Teeth that have become weakened due to large restorations or root canals must be reinforced and protected to prevent them from deteriorating further. Teeth are subjected to tremendous forces during normal chewing and are prone to fracture and wear. Crowns are a means of restoring these weakened teeth and protecting them from further damage. There are many types of crowns ranging from gold to porcelain.
Teeth crowning procedure
The patient is given an anaesthetic to numb the region, preventing any discomfort during the procedure. A circumference of about 1.5 mm is "trimmed" from the surface of the tooth. The height of the tooth is also reduced by about 2mm, and then an impression of the tooth is taken using a putty-type material. This is sent to the lab for construction of a custom made crown by a dental technician. In the meantime a temporary restoration is placed on the tooth. The patient then re-presents about 2 weeks later for the insertion and cementation of the final crown. The crown is permanent and does not come off.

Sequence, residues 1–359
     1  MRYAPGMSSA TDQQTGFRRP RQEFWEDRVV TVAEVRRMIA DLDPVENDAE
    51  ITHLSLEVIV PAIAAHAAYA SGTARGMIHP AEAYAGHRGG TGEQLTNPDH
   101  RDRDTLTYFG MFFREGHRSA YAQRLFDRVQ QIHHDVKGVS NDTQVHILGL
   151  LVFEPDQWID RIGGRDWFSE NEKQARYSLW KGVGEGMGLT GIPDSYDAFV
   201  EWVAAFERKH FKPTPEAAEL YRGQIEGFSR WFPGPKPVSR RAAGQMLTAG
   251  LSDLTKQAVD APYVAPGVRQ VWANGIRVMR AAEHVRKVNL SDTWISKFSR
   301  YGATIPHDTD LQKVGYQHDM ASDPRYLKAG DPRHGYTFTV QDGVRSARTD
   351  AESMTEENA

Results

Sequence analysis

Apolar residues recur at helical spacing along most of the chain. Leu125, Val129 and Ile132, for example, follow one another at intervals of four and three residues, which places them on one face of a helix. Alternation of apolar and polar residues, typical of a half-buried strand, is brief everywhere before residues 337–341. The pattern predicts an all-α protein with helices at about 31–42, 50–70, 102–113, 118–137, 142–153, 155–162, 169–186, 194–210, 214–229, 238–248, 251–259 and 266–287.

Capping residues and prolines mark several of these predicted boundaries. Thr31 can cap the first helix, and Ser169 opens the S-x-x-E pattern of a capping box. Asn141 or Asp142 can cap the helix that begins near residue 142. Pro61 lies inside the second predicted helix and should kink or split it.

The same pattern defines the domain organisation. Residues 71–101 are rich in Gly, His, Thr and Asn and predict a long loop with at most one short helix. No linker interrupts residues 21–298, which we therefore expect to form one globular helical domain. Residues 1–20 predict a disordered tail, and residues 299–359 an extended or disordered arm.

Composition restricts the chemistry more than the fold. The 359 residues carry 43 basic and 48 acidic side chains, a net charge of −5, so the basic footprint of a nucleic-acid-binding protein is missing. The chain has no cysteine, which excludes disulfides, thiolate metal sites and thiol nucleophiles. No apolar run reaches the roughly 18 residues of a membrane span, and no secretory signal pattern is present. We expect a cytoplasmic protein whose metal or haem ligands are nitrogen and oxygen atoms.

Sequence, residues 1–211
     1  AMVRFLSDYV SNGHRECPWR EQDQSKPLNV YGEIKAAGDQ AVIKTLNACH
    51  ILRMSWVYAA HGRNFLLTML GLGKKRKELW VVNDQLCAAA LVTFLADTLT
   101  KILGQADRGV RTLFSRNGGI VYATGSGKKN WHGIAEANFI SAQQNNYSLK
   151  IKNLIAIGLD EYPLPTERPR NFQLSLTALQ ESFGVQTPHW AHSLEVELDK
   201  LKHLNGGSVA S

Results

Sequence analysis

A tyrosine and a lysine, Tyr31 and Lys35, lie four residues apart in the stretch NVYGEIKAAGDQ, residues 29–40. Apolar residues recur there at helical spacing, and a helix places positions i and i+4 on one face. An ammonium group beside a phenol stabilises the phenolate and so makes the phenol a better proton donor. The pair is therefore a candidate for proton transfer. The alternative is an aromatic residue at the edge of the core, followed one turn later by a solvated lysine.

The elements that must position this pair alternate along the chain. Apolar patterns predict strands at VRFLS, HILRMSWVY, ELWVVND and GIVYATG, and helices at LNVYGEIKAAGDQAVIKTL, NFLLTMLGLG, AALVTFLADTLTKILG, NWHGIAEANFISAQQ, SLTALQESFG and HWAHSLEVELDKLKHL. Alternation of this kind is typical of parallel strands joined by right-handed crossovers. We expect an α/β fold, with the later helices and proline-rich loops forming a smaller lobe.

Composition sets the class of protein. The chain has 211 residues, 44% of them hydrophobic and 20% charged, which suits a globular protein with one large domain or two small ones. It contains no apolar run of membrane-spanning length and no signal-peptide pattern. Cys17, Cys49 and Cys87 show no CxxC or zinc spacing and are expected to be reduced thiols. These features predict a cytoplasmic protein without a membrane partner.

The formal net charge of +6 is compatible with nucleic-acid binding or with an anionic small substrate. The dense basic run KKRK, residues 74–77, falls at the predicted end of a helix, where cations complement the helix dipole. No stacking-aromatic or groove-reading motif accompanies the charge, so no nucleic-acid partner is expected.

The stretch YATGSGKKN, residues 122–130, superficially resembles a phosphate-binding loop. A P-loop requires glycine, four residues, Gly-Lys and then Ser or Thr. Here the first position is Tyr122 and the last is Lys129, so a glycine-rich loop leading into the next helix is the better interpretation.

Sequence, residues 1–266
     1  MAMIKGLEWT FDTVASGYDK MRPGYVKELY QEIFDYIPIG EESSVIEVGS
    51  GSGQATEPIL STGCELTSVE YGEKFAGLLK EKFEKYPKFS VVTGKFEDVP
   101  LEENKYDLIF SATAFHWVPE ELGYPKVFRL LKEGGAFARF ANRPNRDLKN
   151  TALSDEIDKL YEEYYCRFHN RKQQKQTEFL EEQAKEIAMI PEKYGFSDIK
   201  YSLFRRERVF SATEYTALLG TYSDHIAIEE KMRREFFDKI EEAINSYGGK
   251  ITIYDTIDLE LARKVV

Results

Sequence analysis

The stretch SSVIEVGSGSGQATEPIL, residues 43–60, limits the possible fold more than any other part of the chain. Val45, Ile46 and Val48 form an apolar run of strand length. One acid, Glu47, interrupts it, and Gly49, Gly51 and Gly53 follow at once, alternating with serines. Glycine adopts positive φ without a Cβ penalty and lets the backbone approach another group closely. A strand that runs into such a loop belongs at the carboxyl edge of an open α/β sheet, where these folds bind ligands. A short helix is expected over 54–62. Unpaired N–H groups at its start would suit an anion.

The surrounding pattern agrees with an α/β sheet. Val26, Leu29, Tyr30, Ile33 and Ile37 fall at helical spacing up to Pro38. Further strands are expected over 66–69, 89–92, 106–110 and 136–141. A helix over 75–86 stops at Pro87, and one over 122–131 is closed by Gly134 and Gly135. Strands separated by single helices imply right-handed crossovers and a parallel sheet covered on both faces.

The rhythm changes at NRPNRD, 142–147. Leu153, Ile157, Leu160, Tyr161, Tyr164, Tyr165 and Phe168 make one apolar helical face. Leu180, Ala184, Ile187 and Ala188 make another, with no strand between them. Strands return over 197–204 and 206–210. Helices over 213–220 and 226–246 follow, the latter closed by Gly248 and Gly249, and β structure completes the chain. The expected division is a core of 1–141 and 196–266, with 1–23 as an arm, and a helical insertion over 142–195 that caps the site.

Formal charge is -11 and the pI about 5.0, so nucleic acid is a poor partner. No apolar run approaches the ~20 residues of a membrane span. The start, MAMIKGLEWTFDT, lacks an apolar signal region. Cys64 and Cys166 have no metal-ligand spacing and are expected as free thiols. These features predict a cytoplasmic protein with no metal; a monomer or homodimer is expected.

After your teeth crowning surgery
The numb feeling wears off the tooth after about 2 hours. The procedure is minimally invasive and the patient can go back to work or normal duties afterwards.
The long term outcome
Crowns do not last forever. They have a life expectancy of about 10 years, and the crown must be kept clean by brushing and flossing as the tooth underneath the crown is still prone to decay.
Teeth crowning risks
The right type of crown must be placed in the correct place in the mouth. Porcelain crowns are placed on front teeth for cosmetic procedures, however back teeth are best restored with gold crowns as these teeth are subjected to great forces during chewing and grinding. An incorrect crown in the wrong place is subject to fracture and failing.